Coll is a Dark Sky reserve with no less than 23 beaches. It's also the place to see basking sharks.
As you roll off the ferry to Coll you might notice the complete lack of street lights. So if you're a stargazer this is the place to come. Look up on a clear night for a full view of the Milky Way, or arrive in winter and you might be lucky enough to see the Northern Lights. It's pretty good in the daylight, too, with Iron Age forts, standing stones, and excellent views from the walk up Ben Hogh.
The RSPB reserve on the west coast has corncrakes - a bird you're more likely to hear than to see. Coll is also one of the best places to see basking sharks, and you can even go for a swim with them. In summer, the island's wild flowers come into full bloom, which is the perfect backdrop to the half marathon that takes place in August.
For more on Coll visit Visit Coll's website.
The ferry from Oban to Coll takes just over 2 hours 30 minutes. Vehicle reservations are recommended.
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We have also listed some travel information below that you may find useful:
Oban is a 2 hours 30 minutes drive from Glasgow, 3 hours from Edinburgh, 4 hours from Aberdeen, and 2 hours 45 minutes from Inverness. If you are travelling with an electric vehicle, charging points are at Argyll College in Oban. There are no electric vehicle charging points on Coll.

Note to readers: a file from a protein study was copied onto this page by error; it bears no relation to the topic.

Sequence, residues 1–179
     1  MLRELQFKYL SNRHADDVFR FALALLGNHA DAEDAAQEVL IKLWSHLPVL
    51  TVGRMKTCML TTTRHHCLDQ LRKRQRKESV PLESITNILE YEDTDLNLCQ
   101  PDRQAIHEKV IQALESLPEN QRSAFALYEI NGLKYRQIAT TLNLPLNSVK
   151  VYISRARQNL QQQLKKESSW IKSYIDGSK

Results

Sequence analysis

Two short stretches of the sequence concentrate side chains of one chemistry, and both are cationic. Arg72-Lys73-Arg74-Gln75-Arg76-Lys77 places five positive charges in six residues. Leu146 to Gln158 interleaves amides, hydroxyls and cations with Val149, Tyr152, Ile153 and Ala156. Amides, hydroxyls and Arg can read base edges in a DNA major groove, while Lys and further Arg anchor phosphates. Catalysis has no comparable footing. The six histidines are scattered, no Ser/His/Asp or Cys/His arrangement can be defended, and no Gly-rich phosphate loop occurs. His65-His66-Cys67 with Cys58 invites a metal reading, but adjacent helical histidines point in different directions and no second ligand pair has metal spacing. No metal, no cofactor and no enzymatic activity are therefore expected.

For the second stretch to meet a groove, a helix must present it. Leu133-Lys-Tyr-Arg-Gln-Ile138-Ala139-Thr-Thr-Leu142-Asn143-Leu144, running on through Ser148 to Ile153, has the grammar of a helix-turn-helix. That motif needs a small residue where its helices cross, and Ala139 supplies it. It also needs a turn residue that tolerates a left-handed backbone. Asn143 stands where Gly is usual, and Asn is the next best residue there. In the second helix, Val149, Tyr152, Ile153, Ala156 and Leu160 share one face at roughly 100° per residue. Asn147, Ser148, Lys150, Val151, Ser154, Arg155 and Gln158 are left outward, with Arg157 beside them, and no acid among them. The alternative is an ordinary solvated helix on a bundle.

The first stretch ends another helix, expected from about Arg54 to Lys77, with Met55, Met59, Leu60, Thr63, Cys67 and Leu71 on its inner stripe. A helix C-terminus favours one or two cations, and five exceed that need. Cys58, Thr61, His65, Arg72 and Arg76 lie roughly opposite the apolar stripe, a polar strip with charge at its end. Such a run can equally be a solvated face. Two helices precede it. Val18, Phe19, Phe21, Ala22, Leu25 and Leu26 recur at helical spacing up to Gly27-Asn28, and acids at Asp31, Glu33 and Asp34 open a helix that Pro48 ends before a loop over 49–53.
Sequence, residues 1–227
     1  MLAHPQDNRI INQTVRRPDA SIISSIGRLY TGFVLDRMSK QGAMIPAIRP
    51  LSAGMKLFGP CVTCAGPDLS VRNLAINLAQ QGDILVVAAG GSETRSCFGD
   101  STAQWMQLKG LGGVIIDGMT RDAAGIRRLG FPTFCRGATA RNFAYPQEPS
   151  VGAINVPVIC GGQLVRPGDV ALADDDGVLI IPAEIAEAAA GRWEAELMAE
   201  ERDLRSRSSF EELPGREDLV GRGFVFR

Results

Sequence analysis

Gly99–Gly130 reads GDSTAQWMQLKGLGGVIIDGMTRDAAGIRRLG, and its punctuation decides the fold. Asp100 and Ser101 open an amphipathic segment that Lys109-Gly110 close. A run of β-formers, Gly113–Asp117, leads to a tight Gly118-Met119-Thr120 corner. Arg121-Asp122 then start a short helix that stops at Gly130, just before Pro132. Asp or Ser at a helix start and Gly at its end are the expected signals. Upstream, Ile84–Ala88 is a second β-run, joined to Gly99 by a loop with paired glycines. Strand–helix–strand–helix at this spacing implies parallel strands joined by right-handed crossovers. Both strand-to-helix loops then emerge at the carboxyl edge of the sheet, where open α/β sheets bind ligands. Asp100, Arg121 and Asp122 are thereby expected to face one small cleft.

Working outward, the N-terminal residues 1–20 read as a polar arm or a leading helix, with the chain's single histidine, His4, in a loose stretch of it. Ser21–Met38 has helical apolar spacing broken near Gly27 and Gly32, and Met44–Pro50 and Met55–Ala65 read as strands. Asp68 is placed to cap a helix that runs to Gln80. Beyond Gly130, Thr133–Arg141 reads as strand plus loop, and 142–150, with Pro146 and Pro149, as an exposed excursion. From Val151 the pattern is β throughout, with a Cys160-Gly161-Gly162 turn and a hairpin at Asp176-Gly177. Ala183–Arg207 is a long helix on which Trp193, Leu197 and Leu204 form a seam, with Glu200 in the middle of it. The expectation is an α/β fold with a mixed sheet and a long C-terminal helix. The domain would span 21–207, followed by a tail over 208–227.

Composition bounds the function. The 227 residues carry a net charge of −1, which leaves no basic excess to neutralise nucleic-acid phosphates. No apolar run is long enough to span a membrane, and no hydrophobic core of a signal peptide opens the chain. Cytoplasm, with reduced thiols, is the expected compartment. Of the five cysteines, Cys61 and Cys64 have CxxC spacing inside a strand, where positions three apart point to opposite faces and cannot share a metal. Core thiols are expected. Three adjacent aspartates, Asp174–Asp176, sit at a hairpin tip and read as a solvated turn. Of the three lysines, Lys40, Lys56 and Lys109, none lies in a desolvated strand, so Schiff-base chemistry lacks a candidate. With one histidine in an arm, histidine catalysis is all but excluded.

Oban Port: PA34 4DB
If you're coming from the east coast, Edinburgh, or the South, you'll need to travel through Glasgow. There's a regular direct train to Oban from Glasgow Queen Street Station, and it takes just over 3 hours.
The bus route to Oban from Glasgow takes just under 3 hours, traffic permitting. The bus from Inverness to Oban takes 3 hours 30 minutes, with a change at Fort William.
The Isle of Coll is only 13 miles long and 3 miles wide and makes it a perfect destination for exploring without getting lost. Arinagour is the main settlement on Coll where you can find most local facilities and the ferry terminal. Coll is an ideal spot for all levels of walkers with the terrain consisting of quiet minor roads and sections of sandy track. Much of the western region of Coll is a RSPB reserve with machair flower meadows providing important habitats for a range of bird life such as meadow pipits, skylarks, and twits. The Visit Scotland website offers more information about walking on Coll
Mountain biking is the one of the best ways to appreciate Coll and its contrasting landscapes and stunning white beaches. Cyclists can navigate around the islands circular main road and take in many of the islands wonderful beaches at your own leisure. Bike tours and bike hire are available on the island and information can be found at Visit Coll.
Plan your cycle journey at CycleStreets.
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